Berkeley Wireless Research Center (BWRC) provides an environment for research into the design issues necessary to support next generation wireless communication systems and expand the graduate research program in the wireless segment. The research focus is on highly-integrated CMOS implementations with the lowest possible energy consumption and advanced communication algorithms. Components are fabricated using state-of-the-art processes and evaluated in a realistic test environment.
BWRC is supported by 22 of the world's leading electronics companies and Federal and State research agencies. The Center's research team consists of 12 faculty and over 60 graduate students.

BID: Berkeley Institute of Design

The Berkeley Institute of Design (BiD) is a proposed research/teaching unit that fosters a new and deeply interdisciplinary approach to design for the 21st century: The design and realization of rich, interactive environments which are shaped by the human activities they support.
Objectives of BiD
Educate students on the breadth of topics that are important for 21st century design
Develop students' skills in team-work, communication, and creativity
Promote excellence in the practice of design within and across professions
Expose students to real-world design problems and bringing concepts to reality
Cultivate students' ability to express, evoke and shape experience through design
Foster critical reflection on technology and the contexts that shape its use
Create a generation of designers who lead product development in large companies

Blum Center for Developing Economies

The Blum Center for Developing Economies was established in March 2006 to improve the well-being of the three billion people in the world who live on less than two dollars a day. Spanning UC Berkeley, UC Davis, UC San Francisco, and Lawrence Berkeley National Laboratory, its mission is to improve the well-being of poor people in developing countries by designing, adapting and disseminating scalable and sustainable technologies and systems and by educating and inspiring a new generation of global citizens. The Blum Center addresses the needs of the poor in developing countries by leveraging UC and LBNL expertise and preparing students with the theoretical understanding, applied skills and experiential learning that enable them to become agents of change in the struggle against global poverty.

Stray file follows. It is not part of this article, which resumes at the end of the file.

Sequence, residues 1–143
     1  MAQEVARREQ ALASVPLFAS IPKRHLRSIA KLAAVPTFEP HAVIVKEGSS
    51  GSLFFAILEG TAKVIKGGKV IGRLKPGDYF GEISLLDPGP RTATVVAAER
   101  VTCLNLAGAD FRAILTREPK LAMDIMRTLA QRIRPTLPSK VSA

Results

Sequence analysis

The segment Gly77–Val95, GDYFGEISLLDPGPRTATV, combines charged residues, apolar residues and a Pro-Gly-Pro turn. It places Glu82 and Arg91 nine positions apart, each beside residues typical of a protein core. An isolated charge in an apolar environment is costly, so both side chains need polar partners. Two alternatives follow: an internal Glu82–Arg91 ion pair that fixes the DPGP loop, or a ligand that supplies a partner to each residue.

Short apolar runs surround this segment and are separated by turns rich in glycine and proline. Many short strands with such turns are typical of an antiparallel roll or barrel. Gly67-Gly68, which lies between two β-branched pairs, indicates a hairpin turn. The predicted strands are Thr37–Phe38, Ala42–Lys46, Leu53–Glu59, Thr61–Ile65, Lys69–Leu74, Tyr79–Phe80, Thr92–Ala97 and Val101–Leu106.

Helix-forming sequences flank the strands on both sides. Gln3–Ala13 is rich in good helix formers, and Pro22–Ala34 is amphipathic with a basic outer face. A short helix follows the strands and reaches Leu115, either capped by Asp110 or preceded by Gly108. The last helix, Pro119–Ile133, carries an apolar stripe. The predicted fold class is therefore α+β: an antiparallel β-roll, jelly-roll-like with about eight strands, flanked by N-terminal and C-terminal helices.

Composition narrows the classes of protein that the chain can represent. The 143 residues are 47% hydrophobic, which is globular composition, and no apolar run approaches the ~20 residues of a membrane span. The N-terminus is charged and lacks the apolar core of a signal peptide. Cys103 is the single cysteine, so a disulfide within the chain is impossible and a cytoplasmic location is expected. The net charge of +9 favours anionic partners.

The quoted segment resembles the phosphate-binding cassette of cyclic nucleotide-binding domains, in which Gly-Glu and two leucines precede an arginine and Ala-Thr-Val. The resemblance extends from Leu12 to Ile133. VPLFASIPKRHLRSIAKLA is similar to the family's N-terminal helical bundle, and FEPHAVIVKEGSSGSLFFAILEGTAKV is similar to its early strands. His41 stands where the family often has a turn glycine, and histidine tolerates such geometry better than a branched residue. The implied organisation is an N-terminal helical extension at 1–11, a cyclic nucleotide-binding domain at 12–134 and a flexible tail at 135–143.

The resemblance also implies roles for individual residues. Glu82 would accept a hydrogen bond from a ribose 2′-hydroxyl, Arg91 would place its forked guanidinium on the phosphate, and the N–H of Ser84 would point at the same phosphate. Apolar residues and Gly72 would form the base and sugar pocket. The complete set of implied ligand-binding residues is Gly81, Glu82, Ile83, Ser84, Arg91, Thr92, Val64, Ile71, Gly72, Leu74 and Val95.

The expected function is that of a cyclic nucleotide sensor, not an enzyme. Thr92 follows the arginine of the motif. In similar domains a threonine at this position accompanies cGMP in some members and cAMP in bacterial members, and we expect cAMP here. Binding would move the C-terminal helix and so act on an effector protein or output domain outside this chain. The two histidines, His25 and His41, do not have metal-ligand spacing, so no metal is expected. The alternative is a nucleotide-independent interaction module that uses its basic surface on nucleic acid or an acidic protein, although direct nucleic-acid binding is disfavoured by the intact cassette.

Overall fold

The Center uses a rigorous, multi-disciplinary approach that corresponds to the complex nature and the intricate web of factors that cause poverty. It integrates innovation and social entrepreneurship to develop appropriate, sustainable solutions to the toughest poverty challenges. The Blum Center brings real-world issues faced by the poor to classroom, the lab and into the field. With its combination of unrivaled disciplinary depth and breadth, cutting-edge thinking and the University of California's unique culture of global engagement, research and reflection are translated back into real-world applications that solve real problems.

The Center’s focus on partnership, capacity building of local partners and on factors affecting decision-making and behavioral change improves outcomes, increases efficiency and enhances the chance of long-term sustainability. Rigorous monitoring and evaluation methodologies promote responsive implementation and maximize both short-term results and long-term impacts.